My Toddler Experience

Now as a toddler, MaiTai actually bit me — really, truly bit me. Not on the nipple though — ever! I fully trust him to not bite the nipple. Somehow he’s got this blooming intuit of what will hurt me (nipples aren’t for hurting! …but shoulders and collarbones are fair game… he’s a little confused).

Sometimes when we’re growing bored of breastfeeding but he’s not quite done, I tickle him for a bit of fun. A wily glimmer reflects in his eye as my hand assumes the “ticky-tickle position,” and he’ll grip my nipple between his front teeth while belly-laughing, by default yanking the thing to and fro as he whips his head east and west. I see my stretched, soft nipple in a precarious pincer-hold between those things that can shred into a raw baby carrot and consider how disturbing this would seem to an onlooker (even his Designated Dad has remarked, “My God, doesn’t that hurt?!”).

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But toddler MaiTai and I, we have an understanding between us. He might pinch me, pull my hair, slap me in the face, and try to pick my nose with this toes while he’s nursing, or bite my shoulder or finger or necklace — but I know he will not intentionally bite my nipple. I like to credit my gentle discouragement of chewiness in his impressionable younger days.

Except… one thing to watch out for with a toddler: accidental biting.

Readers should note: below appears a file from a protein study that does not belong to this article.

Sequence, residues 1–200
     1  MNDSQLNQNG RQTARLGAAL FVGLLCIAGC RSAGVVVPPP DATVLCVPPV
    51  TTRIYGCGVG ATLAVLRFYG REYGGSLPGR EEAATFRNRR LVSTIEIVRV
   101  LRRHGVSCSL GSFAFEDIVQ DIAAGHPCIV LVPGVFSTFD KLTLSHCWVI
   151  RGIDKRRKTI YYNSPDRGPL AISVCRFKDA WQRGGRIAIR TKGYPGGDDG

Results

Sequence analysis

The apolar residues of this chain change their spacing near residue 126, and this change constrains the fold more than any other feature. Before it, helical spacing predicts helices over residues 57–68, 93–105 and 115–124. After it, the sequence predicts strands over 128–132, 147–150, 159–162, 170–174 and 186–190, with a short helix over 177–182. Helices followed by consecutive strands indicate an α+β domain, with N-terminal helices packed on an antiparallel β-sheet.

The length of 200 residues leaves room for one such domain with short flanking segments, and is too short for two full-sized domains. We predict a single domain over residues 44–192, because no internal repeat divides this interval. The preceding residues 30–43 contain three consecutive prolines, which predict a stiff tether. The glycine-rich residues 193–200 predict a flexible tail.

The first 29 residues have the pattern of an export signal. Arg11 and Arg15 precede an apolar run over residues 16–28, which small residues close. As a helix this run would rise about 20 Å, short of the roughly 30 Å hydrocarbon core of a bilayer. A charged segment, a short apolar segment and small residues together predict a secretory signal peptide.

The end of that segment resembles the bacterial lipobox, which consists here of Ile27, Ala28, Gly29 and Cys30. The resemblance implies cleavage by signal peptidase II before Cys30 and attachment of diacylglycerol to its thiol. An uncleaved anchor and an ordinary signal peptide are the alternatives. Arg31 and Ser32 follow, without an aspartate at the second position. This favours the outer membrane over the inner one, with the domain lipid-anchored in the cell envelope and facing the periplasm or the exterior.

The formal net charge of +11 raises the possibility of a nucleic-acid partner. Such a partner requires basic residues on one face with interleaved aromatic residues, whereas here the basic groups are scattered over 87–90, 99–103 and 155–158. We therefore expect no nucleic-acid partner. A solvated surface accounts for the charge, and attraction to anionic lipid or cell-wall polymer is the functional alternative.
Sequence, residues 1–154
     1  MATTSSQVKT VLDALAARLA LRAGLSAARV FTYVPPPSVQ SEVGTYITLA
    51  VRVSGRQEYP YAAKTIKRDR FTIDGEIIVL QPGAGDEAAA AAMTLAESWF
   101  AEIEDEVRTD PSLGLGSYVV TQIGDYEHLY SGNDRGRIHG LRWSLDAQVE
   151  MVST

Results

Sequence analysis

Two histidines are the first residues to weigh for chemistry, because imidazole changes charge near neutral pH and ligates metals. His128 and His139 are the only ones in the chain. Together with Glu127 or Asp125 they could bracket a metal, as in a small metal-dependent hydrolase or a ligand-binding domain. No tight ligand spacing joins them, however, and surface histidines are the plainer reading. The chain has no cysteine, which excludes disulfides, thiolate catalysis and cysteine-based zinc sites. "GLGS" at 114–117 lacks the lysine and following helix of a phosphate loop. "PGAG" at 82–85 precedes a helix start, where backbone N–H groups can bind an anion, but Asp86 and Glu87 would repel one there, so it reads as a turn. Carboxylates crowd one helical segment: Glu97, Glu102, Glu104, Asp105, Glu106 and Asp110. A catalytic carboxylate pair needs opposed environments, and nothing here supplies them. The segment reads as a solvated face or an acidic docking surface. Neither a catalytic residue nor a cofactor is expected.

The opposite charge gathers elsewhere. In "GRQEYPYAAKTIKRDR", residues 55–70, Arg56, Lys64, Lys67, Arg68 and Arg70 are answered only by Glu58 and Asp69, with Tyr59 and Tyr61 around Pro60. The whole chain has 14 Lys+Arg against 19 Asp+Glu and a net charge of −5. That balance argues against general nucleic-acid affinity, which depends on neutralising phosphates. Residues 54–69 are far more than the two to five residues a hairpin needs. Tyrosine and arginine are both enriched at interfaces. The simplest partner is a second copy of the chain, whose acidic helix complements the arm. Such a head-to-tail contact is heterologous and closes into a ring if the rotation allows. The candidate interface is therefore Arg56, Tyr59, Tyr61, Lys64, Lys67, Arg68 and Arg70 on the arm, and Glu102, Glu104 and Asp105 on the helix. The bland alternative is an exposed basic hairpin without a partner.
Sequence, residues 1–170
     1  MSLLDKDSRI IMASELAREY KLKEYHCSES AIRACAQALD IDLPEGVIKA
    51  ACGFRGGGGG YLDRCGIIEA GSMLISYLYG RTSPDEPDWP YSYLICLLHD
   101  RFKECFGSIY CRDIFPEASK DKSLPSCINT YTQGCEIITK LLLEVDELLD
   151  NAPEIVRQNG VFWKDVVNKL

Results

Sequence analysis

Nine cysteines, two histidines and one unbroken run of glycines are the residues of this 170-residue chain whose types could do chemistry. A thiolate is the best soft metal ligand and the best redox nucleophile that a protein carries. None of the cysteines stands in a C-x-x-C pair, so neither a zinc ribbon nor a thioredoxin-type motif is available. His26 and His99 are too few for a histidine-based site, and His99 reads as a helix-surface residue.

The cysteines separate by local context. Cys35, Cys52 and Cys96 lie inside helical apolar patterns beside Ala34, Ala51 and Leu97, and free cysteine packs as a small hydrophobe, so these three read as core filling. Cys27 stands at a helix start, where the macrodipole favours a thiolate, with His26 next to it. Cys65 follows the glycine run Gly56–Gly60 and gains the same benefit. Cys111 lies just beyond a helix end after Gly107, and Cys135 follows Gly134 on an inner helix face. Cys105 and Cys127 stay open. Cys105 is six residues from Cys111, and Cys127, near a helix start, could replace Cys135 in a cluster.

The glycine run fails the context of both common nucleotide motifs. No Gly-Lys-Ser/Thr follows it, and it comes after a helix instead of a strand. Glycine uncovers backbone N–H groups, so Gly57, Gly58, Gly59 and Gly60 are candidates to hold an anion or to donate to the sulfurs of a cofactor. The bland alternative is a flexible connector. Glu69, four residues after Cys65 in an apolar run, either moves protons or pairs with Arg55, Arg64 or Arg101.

There have been a few times when MaiTai was desperate to get under my shirt and I failed to produce the goods quickly enough to settle his frustration. As I frantically swept my hand around my nursing-unfriendly top — unfastening buttons, moving material this way and that, pulling up and pushing down and wishing breastfeeding mothers could just be exempt from all clothing expectations — he swatted and clawed, pulled up and pushed down, and for once our wishes were one and the same.

When my attempts to get some amount of boob through my stupid shirt didn’t achieve instant boob payoff, he attempted to bite the stupid shirt away. Smart kid. The problem with this is that the distance between shirt and breast is a measurement of virtually zero, so biting the shirt off = biting breast skin (hopefully not off). No molar moral to the story here, just a friendly reminder that an investment in easy-access clothing could amount to a significant savings in your Band-Aid budget.

Breastfeeding & Cavities

Now let’s talk for a second about that crappy old myth that breastfeeding causes cavities (especially, they say, night nursing). Nope, not quite! Actually, KellyMom found that “before the use of the baby bottle, dental decay in baby teeth was rare.” Read on for real answers.

Links about cavities:

More Biting Resources

Links about biting:

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2 thoughts on “Biting & Baby Teeth With Breastfeeding

    • Says who? You? All world health organizations encourage breastfeeding for at least one year. WHO says 2 years is the ideal minimum age for optimal health of the child.